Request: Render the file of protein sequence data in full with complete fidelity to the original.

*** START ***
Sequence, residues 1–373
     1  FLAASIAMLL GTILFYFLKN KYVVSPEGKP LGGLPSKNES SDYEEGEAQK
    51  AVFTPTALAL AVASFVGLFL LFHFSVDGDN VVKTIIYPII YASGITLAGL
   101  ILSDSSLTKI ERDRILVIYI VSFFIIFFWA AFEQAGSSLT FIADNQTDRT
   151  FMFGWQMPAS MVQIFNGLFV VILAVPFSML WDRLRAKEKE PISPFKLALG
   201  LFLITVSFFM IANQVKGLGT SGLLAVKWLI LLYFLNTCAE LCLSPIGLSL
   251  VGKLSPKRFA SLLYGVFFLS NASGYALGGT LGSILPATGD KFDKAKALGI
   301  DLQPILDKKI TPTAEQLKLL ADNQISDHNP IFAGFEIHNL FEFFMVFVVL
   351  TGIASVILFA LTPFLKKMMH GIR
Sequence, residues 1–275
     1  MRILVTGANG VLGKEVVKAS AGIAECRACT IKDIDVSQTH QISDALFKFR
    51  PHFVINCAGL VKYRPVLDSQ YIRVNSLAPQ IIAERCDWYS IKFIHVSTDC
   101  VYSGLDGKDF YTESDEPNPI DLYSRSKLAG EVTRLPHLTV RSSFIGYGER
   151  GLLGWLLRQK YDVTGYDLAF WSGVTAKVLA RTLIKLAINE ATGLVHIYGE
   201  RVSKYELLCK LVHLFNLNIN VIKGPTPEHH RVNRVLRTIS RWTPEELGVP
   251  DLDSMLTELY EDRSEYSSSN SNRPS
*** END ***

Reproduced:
Sequence, residues 1–373
     1  FLAASIAMLL GTILFYFLKN KYVVSPEGKP LGGLPSKNES SDYEEGEAQK
    51  AVFTPTALAL AVASFVGLFL LFHFSVDGDN VVKTIIYPII YASGITLAGL
   101  ILSDSSLTKI ERDRILVIYI VSFFIIFFWA AFEQAGSSLT FIADNQTDRT
   151  FMFGWQMPAS MVQIFNGLFV VILAVPFSML WDRLRAKEKE PISPFKLALG
   201  LFLITVSFFM IANQVKGLGT SGLLAVKWLI LLYFLNTCAE LCLSPIGLSL
   251  VGKLSPKRFA SLLYGVFFLS NASGYALGGT LGSILPATGD KFDKAKALGI
   301  DLQPILDKKI TPTAEQLKLL ADNQISDHNP IFAGFEIHNL FEFFMVFVVL
   351  TGIASVILFA LTPFLKKMMH GIR
Sequence, residues 1–275
     1  MRILVTGANG VLGKEVVKAS AGIAECRACT IKDIDVSQTH QISDALFKFR
    51  PHFVINCAGL VKYRPVLDSQ YIRVNSLAPQ IIAERCDWYS IKFIHVSTDC
   101  VYSGLDGKDF YTESDEPNPI DLYSRSKLAG EVTRLPHLTV RSSFIGYGER
   151  GLLGWLLRQK YDVTGYDLAF WSGVTAKVLA RTLIKLAINE ATGLVHIYGE
   201  RVSKYELLCK LVHLFNLNIN VIKGPTPEHH RVNRVLRTIS RWTPEELGVP
   251  DLDSMLTELY EDRSEYSSSN SNRPS